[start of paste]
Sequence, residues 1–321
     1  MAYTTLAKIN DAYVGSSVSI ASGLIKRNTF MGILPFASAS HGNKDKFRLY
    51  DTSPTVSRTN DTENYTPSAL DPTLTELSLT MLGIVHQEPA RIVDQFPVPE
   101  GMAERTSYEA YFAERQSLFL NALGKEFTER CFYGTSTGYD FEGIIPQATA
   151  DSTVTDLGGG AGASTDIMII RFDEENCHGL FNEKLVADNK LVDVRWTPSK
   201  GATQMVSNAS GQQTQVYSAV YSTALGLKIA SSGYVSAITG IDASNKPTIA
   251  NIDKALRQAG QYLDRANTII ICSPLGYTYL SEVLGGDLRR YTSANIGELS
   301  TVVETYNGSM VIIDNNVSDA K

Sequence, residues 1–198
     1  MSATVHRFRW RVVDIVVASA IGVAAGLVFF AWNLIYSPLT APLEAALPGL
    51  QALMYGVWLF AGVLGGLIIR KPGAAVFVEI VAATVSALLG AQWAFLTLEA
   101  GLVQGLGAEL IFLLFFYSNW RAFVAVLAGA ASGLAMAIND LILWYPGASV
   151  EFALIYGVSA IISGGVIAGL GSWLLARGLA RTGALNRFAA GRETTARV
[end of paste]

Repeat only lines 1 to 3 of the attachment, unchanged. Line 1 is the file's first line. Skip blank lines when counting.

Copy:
Sequence, residues 1–321
     1  MAYTTLAKIN DAYVGSSVSI ASGLIKRNTF MGILPFASAS HGNKDKFRLY
    51  DTSPTVSRTN DTENYTPSAL DPTLTELSLT MLGIVHQEPA RIVDQFPVPE